By Diana Mendez, Assistant Director at the Wasserman Center
Danielle Messineo is a Special Agent at the FBI and also works in recruitment for the agency. Danielle holds a BA in Liberal Arts from Hofstra University and an MBA in Business Management from Dowling College. Before working for the FBI, Danielle worked as a Product Manager for for a fitness manufacturing company. Working in the Fitness industry was her “back-up plan” if she couldn’t be involved in government work. Although she loves the important work that she does with the FBI, Danielle suggests that students also have a realistic view of their careers and always have a backup plan when it comes to looking for jobs in order to have more options and career prospects.
Danielle was generous enough to talk to one of our Wasserman staff members to provide insight into her career at the FBI and within the federal government at large. Below are the answers to our questions.
Wasserman Center (Wass): How did you get started in this field and how long have you been with the FBI?
Danielle Messineo (DM): “I have been an agent for 22 years. My interest in law enforcement began as a child watching TV shows, such as as Starsky & Hutch, the Mod Squad, and SWAT (some students may be too young to know those!!!) After graduating college, I thought about going to law school and/or applying to different law enforcement agencies. During this time, I met someone who was married to an FBI Agent and educated me about the process. I then applied to numerous agencies, including the FBI.”
Wass: What skills and/or advanced degrees does a candidate need for this field?
DM: “You do not need an advanced degree. However, obtaining one will make you highly competitive for the position. We are currently looking for Special Agent applicants with the following skills in the following areas: Science, Technology, Math, Engineering, Cyber, Foreign Language, Law, Accounting, prior law enforcement/military, and pilots. Students apply for these special agent positions through the fbijobs.gov website.”
Danielle suggested that students apply for the Honors Internship Program (10-week, paid internship for college undergraduate and graduate students) or the Collegiate Hiring Initiative (for graduating seniors or individuals who have graduated with an undergraduate, graduate, or PhD degree). Applications for these summer internships start in August of each year. For more information about the qualifications and skills necessary for these positions, you can visit the FBI website for student jobs here. The FBI website also contains a wide array of information about the FBI; it is meant to educate students about the culture, procedures, and expectations of working at the FBI.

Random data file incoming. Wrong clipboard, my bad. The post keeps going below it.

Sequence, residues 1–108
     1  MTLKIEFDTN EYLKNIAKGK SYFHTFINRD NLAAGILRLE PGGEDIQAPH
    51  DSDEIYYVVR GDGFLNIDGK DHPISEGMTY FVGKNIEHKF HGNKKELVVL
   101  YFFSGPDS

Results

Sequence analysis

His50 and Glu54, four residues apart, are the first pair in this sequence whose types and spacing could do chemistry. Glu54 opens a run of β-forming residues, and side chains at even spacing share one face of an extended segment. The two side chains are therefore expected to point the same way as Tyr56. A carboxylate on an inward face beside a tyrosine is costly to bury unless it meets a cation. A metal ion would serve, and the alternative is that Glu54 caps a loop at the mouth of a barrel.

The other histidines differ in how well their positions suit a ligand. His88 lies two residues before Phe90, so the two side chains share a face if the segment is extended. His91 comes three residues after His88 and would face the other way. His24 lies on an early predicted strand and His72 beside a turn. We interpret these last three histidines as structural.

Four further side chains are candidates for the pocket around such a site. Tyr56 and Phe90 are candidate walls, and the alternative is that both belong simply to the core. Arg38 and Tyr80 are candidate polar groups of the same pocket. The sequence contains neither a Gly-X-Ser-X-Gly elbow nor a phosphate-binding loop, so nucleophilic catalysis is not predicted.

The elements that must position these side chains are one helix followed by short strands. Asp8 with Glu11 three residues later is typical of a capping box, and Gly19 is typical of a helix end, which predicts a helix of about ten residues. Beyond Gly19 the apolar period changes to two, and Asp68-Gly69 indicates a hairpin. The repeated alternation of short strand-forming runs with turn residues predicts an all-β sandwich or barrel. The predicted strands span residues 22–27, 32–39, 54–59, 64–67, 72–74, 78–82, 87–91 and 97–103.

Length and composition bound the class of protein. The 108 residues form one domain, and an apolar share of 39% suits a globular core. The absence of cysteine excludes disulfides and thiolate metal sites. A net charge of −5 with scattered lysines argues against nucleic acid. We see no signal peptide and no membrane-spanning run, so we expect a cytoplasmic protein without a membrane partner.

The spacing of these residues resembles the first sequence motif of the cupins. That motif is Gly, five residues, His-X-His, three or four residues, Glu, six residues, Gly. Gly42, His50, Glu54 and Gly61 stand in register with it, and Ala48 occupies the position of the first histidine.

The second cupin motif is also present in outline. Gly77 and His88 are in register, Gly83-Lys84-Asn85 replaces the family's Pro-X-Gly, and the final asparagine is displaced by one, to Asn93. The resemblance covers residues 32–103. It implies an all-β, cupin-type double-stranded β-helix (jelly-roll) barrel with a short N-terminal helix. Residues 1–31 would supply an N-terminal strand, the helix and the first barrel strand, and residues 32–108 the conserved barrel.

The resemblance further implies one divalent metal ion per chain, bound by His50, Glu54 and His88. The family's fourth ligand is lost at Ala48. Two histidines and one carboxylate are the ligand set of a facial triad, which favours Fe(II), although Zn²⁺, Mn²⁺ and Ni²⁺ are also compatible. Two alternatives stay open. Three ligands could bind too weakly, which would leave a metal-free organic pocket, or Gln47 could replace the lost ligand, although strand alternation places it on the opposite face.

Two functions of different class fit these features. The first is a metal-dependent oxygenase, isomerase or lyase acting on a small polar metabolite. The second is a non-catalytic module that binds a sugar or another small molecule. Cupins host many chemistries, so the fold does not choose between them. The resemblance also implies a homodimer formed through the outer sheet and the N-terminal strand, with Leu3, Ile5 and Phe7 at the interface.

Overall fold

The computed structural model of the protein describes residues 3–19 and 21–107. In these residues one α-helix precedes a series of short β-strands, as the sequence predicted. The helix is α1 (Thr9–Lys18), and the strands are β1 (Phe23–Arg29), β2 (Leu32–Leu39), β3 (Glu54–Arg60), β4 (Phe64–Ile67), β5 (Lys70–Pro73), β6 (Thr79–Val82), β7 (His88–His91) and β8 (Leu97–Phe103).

Wass: What characteristics/personality traits do employers value in the federal government?
DM: “We look for people who demonstrate leadership, are team players and who are highly motivated. We want people who have strong character and integrity and are committed to protecting this country.”
Danielle also added that students can demonstrate these skills through the interview process. Specifically, candidates should include concrete examples of their relevant past experience. There will be many behavioral questions during the interview process where they will be asked to describe examples of how they have used their analytical, interpersonal and personal solving skills, as well as their reasoning and flexibility.
Wass: What is an average day or week on the job like?
DM: “There is no average day or week on the job. It depends on the violation that you are working on and what type of investigations you are conducting. You might be conducting an arrest on Monday, out on a surveillance on Tuesday, in the office on Wednesday preparing reports, testifying in front of a Grand Jury on Thursday, and interviewing witnesses on Friday.”
Danielle’s work at the FBI is that of an investigator and has revolved around violent crimes including: organized crime, drug trafficking/money laundering, gangs, and violent crimes against children. She was a Federal Law Enforcement Foundation Award Recipient in 2009 for her tireless efforts in a child pornography investigation. She is getting ready to go to an elective training in Quantico, which will enhance her presentations, recruitment and overall work in internet safety and cyberbullying.
Wass: What is your favorite thing about your work?
DM: “The feeling of purpose and making a difference. There is no better feeling than knowing you have made this world a safer place.”
Wass: What is the work culture like at the FBI?
DM: “The work culture embodies hard work, integrity, and dedication to protecting the US no matter what challenges we face.”
Danielle also expanded upon the internal office culture at the FBI. She mentioned that in general, there is not a lot of turnover within the agency, which allows for a family feeling, as special agents usually start very young and grow up on the job with each other. Danielle enjoys the social component and special bond that she’s able experience within her squad mates.